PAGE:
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Thank you all for the very helpful responses! I really got interested in this topic because I normally carry either a glock 33 or an sp101. I had read about people using 38special in the home because of noise and flash being a problem indoors. I went with a glock 19 for the nightstand based on my experience with the noise difference between .357 (sig and mag) and 9mm. But then I got into the raw numbers and it gets confusing. A flash bang will briefly incapacitate people with the noise and flash alone and start around 170db. Magnums for a snubby are about 164 (6db away removed from a stun grenade) and 9mm about 159 (not much further behind). That doesn't seem like a big difference and I know there's some other math that goes in to it, but your examples from real world experiences have been very enlightening.
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Old March 21, 2014, 09:59 AM   #11
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I don't think you understand decibles

About Decibels (dB)

Prepared by Gregg Vanderheiden Ph.D.
Trace R&D Center University of Wisconsin-Madison

What is a Decibel (dB)?

A dB or Decibel is a logarithmic unit of measure of the ratio between two numbers.

dB and Power (20dB = 100x)

When talking about power, 3dB represents a ratio of two to one or a doubling of power.

Thus, a gain of 10dB would represent a ratio of ten to one for power - so 10 dB be 10 times the power
A 40dB power gain would be 10,000 times the power.

From http://trace.wisc.edu/docs/2004-About-dB/
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Old March 21, 2014, 10:02 AM   #12
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Quote:
... I got into the raw numbers and it gets confusing. A flash bang will briefly incapacitate people with the noise and flash alone and start around 170db. Magnums for a snubby are about 164 (6db away removed from a stun grenade) and 9mm about 159 (not much further behind). ...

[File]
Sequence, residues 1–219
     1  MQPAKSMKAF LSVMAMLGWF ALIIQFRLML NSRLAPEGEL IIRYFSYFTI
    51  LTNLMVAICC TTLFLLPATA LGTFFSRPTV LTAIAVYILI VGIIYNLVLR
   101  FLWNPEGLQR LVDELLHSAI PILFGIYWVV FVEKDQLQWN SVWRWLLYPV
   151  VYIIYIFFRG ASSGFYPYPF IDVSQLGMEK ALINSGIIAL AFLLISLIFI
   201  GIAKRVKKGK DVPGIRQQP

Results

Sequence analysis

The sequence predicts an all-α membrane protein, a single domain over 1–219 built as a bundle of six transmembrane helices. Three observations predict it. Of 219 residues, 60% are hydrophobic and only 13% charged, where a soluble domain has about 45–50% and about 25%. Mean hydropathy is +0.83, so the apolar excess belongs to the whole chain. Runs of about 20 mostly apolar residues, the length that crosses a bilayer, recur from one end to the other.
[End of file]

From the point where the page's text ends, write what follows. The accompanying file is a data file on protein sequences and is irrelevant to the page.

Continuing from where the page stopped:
It might be helpful if you understand that decibels represent a logarithmic, not a linear scale of measurement.

170db is not "+11 louder" than 159db... it's x11 (eleven times) louder. (If you look at it the other way around 159db is 1/11th as loud as 170db.)
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Old March 21, 2014, 10:10 AM   #13
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Something you can relate to:

Quote:
It might be helpful if you understand that decibels represent a logarithmic, not a linear scale of measurement.
+1.

Most of the standard muffs on the market have a noise reduction rating of 25-30 decibels ...... think about the difference 29 decibels makes .....
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Old March 21, 2014, 10:37 AM   #14
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Yeah the "what is a decibel" thing was kind of track the other thread took.

My main concerns where A: is there a hand gun caliber where once I pull the trigger I would be unable to handle any additional threats and B: If so where does it start (i.e. am I doing myself a favor with 9mm or should I just go straight to the dragunov because there all going to be painful)?
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Old March 21, 2014, 10:47 AM   #15
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how about 7.62x54R though a tiny barrel?

https://www.youtube.com/watch?v=WTpgSGXqZVM

at 10 feet it's rumored to punch fist sized holes, and set the BG's clothes on fire.
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Old March 21, 2014, 10:50 AM   #16
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9mm is a high-pressure round but has a small case capacity and burns it's powder quickly. A large portion of the noise of a gun shot comes from the pressure release when the bullet exits and "uncorks" the barrel. The only other sound is the remaining pressure at the breach when the case ejects (or the cylinder gap in a revolver) and the bullet breaking the sound barrier.

So, you can reduce the noises by using sub-sonic ammo and a lower peak pressure round with a long barrel. Sub-sonic 45acp from a long(ish) barrel would be about as good as it gets.

A short barreled rifle would be about as bad as it gets.
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Old March 21, 2014, 12:14 PM   #17
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Quote:
Yeah the "what is a decibel" thing was kind of track the other thread took.
Because maybe your questions are best answered by gaining a minimal understanding of what is involved.

Quote:
... My main concerns where A: is there a hand gun caliber where once I pull the trigger I would be unable to handle any additional threats and B: If so where does it start ...
I've been right next to a AR15 being fired at an indoor range, with out hearing protection. An idiot touched one off in the middle of a cease-fire. It was unsettling, to say the least, but not a show-stopper.

You should be fine with all of the common calibers and duty-rated cartridges. Your ears will be ringing a few minutes, and you'll likely suffer some high-frequency hearing loss. You won't really be 'disabled' in any sense which prevents you from staying in the fight.

You could also consider having some reactive hearing protection available on your nightstand ... whether electronic or passive/mechanical, you'll still be able to hear the creepers creeping, and protect your hearing should it go to guns.

Last edited by zombietactics; March 21, 2014 at 12:20 PM.